The project team will be hosted by The Paris Institute for Advanced Study, the Netherlands Institute for Advanced Study (Amsterdam), the Madrid Institute for advanced Study and the Swedish Collegium for Advanced Study (Uppsala) for a series of short stays in 2020-2023. 


The project idea is endorsed by both prominent researchers in corruption research, such Kazimierz Slomczynski, director of CONSIRT (Cross-National Studies: Interdisciplinary Research and Training Program), Matthew Stevenson, founder of the Global Anticorruption Blog, and Bo Rothstein, founder of the Quality of Government Institute, as well as prominent policy organizations involved in Anti-Corruption work, such as Organization of Security and Cooperation in Europe (OSCE), U4 Anti-Corruption Resource Center, United Nations Educational, Scientific and Cultural Organization (UNESCO), and Corruption and Economic Crime branch of the United Nations Office on Drugs and Crime.



Current Status and Ambition

We are currently working on conceptualizing the Handbook on Methods in Researching Corruption, developing the outline and chapter structure, and preparing the proposal for prospective authors. Our ambition is to make the Handbook useful for both academia and anti-corruption practitioners. To do so, we plan to run an online survey and collect feedback from two groups:  

• early-career corruption researchers 

• international anti-corruption organizations, such as UNODC, UNESCO , OECD , OSCE/ODHIR, the EU, Open Society Foundation, U4, Transparency International and others.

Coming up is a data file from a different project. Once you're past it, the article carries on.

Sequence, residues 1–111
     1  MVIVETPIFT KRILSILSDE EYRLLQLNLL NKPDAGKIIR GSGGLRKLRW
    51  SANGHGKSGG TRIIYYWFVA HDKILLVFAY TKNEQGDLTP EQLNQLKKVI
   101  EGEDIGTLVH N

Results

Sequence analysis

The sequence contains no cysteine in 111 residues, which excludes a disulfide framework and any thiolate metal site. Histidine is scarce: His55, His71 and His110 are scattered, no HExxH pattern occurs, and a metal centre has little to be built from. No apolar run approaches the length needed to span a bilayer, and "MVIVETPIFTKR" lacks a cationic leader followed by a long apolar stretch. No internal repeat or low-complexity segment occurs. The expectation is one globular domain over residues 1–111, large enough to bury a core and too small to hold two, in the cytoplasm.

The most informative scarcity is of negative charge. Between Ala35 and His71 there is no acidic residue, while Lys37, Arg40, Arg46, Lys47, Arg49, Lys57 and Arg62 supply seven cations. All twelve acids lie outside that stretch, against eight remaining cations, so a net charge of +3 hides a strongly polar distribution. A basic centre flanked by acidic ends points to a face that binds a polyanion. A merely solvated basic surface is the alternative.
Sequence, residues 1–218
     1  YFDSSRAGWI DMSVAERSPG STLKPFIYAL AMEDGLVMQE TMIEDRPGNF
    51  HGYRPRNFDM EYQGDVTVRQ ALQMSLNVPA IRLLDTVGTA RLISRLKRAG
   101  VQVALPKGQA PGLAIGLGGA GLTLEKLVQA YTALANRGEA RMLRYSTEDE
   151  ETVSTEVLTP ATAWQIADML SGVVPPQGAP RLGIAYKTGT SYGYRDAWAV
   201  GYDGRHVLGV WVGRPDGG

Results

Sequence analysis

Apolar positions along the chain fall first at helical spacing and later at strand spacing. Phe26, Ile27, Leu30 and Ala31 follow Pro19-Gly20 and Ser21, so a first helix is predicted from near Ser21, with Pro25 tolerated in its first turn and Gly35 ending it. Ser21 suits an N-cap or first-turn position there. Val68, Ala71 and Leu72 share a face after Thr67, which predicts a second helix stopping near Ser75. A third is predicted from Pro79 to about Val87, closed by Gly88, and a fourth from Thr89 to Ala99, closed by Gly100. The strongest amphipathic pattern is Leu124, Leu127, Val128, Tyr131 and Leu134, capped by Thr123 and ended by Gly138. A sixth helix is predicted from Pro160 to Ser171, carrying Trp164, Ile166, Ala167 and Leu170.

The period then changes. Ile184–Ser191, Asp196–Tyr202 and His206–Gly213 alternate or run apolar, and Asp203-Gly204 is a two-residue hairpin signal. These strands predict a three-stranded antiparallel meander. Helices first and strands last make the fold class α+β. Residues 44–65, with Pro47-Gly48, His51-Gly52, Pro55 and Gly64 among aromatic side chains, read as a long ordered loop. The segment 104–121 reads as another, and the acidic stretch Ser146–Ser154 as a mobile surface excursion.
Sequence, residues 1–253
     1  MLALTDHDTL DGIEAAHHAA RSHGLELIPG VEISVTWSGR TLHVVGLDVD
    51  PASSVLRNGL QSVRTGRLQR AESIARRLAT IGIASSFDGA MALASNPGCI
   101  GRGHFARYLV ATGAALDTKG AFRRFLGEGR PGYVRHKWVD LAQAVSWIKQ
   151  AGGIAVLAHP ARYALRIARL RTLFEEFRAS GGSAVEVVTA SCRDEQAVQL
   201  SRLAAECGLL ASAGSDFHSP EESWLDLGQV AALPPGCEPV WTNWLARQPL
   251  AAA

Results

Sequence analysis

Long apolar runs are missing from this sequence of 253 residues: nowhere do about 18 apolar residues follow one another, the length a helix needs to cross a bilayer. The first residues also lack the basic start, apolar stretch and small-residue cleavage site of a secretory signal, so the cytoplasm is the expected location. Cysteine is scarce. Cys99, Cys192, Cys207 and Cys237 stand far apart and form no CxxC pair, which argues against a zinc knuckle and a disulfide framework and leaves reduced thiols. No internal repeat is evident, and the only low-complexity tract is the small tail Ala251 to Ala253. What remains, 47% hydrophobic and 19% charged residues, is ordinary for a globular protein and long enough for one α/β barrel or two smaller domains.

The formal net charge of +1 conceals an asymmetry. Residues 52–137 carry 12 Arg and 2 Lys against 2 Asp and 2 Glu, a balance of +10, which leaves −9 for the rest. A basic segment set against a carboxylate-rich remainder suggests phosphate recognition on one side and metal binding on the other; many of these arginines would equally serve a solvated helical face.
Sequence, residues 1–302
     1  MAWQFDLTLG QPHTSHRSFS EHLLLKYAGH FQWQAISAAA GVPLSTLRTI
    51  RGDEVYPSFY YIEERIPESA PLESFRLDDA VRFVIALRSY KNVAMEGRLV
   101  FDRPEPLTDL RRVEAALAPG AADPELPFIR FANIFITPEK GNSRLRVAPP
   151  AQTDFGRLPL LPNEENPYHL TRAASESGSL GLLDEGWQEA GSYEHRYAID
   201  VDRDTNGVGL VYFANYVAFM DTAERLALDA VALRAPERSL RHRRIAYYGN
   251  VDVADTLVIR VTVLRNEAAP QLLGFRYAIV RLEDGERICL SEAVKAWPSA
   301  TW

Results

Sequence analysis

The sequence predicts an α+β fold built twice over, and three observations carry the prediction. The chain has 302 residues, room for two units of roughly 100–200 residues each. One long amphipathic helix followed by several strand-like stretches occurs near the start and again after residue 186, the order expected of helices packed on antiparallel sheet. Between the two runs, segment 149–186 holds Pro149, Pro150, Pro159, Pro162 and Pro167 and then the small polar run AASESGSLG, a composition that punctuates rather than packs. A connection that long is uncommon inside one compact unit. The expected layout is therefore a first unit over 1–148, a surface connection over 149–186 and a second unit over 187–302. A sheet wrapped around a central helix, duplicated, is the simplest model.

This is in order to identify interest in methods-related content, to make an overview of the currently used resources on methods in corruption research as well as to evaluate how comprehensive these resources are. 

We also plan a series of podcasts related to the Project within the “KickBack: The Global Anticorruption Podcast”.


Project Updates


The project team hosted two panels at the European Consortium for Political Research (ECPR) general conference: “Corruption and Anti-Corruption in Empirical Research: Methodological, Ethical and Security Challenges” and “Measuring Political Corruption - How to Hit a Moving Target?”, which took place online 24-28 August 2020. The participants discussed various novel methods of measuring corruption, methods of data collection and analysis, as well as ethics and security issues in corruption research. 



The project team presented the project idea at a three-hour internal webinar at the Institute for Advanced Study in Paris and received feedback from an interdisciplinary team of scholars, including anthropology, sociology, and history, see here 

The discussant of the presentation was Alena Ledeneva, Professor of Politics and Society at University College London.



The project idea is discussed at a co-creation session at the 4th Interdisciplinary Corruption Research Forum "Varieties of (anti)corruption: Learning from the past for the future” and receives feedback from the interdisciplinary group of junior scholars as well as advisory board members of the Interdisciplinary Corruption Research Network.